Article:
The Mainland Affairs Council (MAC) yesterday expressed its deep regret over Lee Ching-yu’s (李凈瑜) failed attempt to visit her husband, Taiwanese human rights advocate Lee Ming-che (李明哲), in a Chinese prison, saying it is the legal right of people to visit incarcerated family members.
The council made the remarks hours after Lee Ching-yu was not allowed to board a XiamenAir flight scheduled to depart at 11:55am for China’s Hunan Province, because she does not have a Taiwan compatriot travel document.
She had planned to visit her husband in Chishan Prison.
“More than two months have passed since Lee Ming-che was sentenced. Chinese law and a notice sent from Chishan Prison to his family guarantee his right to family visitation,” MAC Deputy Minister Chiu Chui-cheng (邱垂正) said.
Lee Ming-che’s family has repeatedly contacted the prison and its supervisory agency, the Hunan Prison Administrative Bureau, since learning of his whereabouts, Chiu said.
Prison authorities told Lee Ming-che’s family that “as long as they were able to enter China, they would be granted a visit,” Chiu said, adding that the council and the semi-official Straits Exchange Foundation notified Beijing of Lee Ching-yu’s planned trip and asked them to assist her with entry.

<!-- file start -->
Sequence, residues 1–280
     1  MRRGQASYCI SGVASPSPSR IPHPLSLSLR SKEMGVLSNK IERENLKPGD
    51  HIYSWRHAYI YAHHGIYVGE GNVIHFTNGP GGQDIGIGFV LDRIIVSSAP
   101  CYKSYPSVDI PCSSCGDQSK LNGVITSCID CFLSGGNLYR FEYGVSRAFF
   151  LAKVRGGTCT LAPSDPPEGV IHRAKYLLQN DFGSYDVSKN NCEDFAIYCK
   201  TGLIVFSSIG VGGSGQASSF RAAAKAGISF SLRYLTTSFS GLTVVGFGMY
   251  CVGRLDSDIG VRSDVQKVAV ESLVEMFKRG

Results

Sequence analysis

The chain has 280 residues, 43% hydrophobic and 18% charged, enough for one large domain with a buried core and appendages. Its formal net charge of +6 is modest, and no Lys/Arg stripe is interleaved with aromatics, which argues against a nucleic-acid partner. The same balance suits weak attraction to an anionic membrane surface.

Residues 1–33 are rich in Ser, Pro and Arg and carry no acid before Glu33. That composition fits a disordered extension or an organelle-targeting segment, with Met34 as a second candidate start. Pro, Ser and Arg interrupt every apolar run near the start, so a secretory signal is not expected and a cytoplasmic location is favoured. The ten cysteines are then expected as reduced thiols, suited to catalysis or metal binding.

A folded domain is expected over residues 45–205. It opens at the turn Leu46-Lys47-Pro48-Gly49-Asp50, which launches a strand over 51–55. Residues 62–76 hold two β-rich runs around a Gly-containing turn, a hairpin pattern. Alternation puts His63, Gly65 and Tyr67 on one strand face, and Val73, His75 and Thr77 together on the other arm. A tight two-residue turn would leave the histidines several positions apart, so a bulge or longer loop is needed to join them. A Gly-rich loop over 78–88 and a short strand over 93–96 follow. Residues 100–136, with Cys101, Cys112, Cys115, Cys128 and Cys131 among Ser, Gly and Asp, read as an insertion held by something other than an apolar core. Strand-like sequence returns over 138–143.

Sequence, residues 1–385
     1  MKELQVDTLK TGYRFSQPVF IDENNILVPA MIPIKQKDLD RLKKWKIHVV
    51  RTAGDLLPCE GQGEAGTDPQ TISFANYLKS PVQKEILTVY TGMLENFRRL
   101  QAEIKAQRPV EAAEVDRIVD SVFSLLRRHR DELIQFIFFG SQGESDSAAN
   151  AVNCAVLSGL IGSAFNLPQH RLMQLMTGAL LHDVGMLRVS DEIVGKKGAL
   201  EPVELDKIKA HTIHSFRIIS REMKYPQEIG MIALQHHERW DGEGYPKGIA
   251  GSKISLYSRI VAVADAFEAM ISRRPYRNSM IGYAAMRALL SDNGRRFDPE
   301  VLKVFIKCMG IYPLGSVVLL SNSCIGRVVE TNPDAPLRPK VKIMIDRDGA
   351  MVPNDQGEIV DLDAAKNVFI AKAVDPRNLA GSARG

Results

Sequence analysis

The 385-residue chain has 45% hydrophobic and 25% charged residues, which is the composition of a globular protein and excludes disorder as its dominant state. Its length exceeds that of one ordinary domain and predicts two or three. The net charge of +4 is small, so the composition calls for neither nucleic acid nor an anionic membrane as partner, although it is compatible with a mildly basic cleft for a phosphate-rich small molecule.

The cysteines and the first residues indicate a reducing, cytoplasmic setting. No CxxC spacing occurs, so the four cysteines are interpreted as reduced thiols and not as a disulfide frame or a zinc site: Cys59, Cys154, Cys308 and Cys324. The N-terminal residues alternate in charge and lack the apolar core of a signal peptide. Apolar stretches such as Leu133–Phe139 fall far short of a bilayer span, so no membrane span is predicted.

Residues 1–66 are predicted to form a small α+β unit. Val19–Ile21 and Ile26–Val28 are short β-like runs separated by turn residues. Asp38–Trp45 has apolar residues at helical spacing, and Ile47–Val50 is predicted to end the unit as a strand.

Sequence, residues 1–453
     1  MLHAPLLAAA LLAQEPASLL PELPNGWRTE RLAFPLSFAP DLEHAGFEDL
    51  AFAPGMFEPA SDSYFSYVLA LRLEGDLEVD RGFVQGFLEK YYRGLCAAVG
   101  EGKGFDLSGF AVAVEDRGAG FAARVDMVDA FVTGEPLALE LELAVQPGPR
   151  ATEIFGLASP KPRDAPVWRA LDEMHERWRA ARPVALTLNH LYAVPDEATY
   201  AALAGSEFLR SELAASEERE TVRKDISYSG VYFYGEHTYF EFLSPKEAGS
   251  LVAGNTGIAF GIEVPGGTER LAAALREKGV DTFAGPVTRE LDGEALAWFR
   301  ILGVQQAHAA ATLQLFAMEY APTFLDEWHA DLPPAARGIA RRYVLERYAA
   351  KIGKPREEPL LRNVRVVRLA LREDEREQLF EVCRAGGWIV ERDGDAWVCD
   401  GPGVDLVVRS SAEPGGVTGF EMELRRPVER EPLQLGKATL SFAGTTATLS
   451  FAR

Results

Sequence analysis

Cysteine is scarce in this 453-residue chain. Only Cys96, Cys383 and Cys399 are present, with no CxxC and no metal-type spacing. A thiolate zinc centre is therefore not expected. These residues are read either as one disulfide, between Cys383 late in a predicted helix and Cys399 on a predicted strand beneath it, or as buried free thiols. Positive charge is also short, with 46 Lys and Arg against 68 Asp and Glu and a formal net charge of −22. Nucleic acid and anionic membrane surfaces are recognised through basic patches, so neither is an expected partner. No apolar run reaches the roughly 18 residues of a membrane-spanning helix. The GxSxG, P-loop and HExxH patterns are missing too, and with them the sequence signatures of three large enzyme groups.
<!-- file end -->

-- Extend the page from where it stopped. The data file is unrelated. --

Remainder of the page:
“We are puzzled as to why Beijing refused to let Lee Ching-yu board her flight,” Chiu said.
Lee Ming-che went missing on March 19 last year after entering Zhuhai in China’s Guangdong Province via Macau.
China did not announce his arrest until 10 days later.
On Nov. 28 last year, the Yueyang City Intermediate People’s Court in Hunan Province found Lee Ming-che guilty of subversion of state power for holding online political lectures and helping the families of jailed dissidents.
Meanwhile, an alliance established by several non-governmental organizations to “rescue” Lee Ming-che yesterday issued a statement denouncing what it called China’s inhumanity and contradictory laws.
According to a notice sent from Chishan Prison, Lee Ming-che’s family is entitled to visit once a month, the alliance said.
Lee Ching-yu’s Taiwan compatriot travel document — a permit required for Taiwanese to travel to China — was rescinded on April 10 last year without reason when she tried to fly to China to see her husband, the alliance said.
She was able apply for one-time landing visas to attend her husband’s court hearing and sentencing in September and November last year, it said.
“On the one hand, the Chinese government issued the notice via the prison, while on the other hand it refused to let Lee Ching-yu board her flight,” the alliance said. “Such inconsistency only goes to show how contradictory and ruthless the Chinese government is.”
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